Table 1: Data from test subject number 1, for four walking patterns.

According to the data, we can find the nonlinear model with the lowest sum of square errors of test subject number 1 as follows:

The frequency model is also widely chosen to estimate the stride length [9, 10, 24, 29]; this model is shown as follows:where is the walking frequency and and are coefficients. It must be pointed out that the parameters of this model may vary between pedestrians. As shown in Figure 7, this gives a linear model of test subject number 1:

Figure 7: The frequency model of test subject number 1.
2.5. BP-ANN Analysis

This paper uses BP-ANN to estimate pedestrian stride length. The BP-ANN model simulates the linear or nonlinear characteristics of biological neurons and is a powerful study system. It can achieve nonlinear mapping between inputs and outputs. It consists of an input layer, hidden layer, and output layer, and its classical architecture is shown in Figure 8. Its weights and thresholds are continuously adjusted, to approximate the desired input and output mapping relationship.

Figure 8: The classical architecture of BP-ANN.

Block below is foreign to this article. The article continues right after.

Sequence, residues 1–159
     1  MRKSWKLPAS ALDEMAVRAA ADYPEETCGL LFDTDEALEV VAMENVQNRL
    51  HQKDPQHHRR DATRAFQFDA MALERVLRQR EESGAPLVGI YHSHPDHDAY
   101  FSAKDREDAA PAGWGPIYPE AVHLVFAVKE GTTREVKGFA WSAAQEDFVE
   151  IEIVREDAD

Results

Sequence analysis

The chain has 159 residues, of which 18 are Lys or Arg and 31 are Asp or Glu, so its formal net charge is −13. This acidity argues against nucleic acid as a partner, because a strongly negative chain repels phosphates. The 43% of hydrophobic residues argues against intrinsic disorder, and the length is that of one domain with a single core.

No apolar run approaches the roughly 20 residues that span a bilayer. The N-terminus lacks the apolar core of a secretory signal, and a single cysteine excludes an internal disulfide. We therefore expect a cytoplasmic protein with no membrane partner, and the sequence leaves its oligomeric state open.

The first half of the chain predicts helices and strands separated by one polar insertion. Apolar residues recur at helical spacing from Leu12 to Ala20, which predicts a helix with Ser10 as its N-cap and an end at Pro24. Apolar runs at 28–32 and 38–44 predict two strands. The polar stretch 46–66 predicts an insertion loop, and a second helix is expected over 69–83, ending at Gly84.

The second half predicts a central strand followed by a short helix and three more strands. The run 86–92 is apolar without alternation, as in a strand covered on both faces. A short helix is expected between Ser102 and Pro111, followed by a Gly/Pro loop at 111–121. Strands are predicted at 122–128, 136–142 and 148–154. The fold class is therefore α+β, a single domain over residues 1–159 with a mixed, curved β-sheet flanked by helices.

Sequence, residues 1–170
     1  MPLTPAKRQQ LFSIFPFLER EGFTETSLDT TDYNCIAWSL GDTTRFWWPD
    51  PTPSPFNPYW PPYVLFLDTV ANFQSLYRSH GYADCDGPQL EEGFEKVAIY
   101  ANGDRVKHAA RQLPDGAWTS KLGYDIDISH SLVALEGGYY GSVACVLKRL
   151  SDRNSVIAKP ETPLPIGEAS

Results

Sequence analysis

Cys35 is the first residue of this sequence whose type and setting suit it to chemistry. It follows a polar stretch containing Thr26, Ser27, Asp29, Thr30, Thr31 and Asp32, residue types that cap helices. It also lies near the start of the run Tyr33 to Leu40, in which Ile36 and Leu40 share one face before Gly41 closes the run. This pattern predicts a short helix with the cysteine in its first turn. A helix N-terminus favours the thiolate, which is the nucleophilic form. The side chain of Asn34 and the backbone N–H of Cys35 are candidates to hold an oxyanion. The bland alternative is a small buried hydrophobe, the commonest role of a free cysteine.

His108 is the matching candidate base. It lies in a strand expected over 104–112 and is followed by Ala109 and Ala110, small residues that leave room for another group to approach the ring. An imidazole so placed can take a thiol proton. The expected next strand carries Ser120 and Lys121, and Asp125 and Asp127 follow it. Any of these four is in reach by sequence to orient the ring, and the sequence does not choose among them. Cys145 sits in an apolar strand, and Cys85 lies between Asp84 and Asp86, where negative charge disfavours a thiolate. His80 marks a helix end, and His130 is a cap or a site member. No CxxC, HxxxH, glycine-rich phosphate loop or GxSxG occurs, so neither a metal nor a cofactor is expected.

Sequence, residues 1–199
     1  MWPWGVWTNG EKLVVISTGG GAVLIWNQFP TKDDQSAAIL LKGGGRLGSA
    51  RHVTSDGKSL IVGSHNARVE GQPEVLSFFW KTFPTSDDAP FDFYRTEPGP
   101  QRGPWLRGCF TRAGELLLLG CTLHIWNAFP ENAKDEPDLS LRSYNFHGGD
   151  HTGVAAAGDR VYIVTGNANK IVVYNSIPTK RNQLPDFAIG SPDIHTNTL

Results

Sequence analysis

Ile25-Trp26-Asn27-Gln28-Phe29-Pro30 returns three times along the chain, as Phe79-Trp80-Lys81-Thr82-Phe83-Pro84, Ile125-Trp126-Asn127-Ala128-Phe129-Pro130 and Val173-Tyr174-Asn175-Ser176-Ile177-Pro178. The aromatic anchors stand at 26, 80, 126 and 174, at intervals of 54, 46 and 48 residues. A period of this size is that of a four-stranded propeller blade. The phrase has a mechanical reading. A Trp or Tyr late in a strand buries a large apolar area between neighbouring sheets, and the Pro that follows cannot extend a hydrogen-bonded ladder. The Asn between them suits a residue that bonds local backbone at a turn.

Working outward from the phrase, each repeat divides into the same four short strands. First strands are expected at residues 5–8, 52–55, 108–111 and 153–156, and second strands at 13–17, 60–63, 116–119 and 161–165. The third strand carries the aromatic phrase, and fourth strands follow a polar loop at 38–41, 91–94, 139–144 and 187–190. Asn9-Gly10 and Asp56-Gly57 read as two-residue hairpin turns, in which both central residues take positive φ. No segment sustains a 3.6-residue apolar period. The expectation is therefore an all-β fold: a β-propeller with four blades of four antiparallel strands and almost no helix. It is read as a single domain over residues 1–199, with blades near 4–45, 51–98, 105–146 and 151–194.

The active function of the hidden layer is the sigmoid function presented in (6), while the output layer is a linear functionwhere is the independent variable.

The input of neurons in the hidden layer can be described as where is the input of the th neuron in the hidden layer, is the connection weight of the th neuron of the input layer to the th neuron of the hidden layer, and denotes the input of the th neuron of the input layer. is the number of neurons in the input layer, and is the threshold of the th neuron of the hidden layer.

The outputs of neurons in the hidden layer can be formulated as (8) by using the sigmoid function shown in (6):where is the th neuron’s output in the hidden layer and is the same as for (7).

The output of BP-ANN iswhere is the output of the neuron network, is the number of neurons in the hidden layer, is the connection weight of the th neuron in the hidden layer to the output layer, and the definition of is the same as for (8).

In this paper, five variables which may be closely related to stride length are studied, using data collected from 13 test subjects aged 22–29. These variables include mean stride frequencies , maximum acceleration in a walking cycle , acceleration standard deviation , mean acceleration , and height of test subjects . These parameters were chosen because many papers have illustrated that they are closely correlated with stride length [3, 8, 9, 14, 15]; for example, [3] found that the acceleration variance and maximum acceleration value had a correlation with stride length which reached 76% and 68%, respectively, and [8] proposed using pedestrian height to estimate stride length. In this paper, we propose that the stride length is estimated from BP-ANN with these five parameters.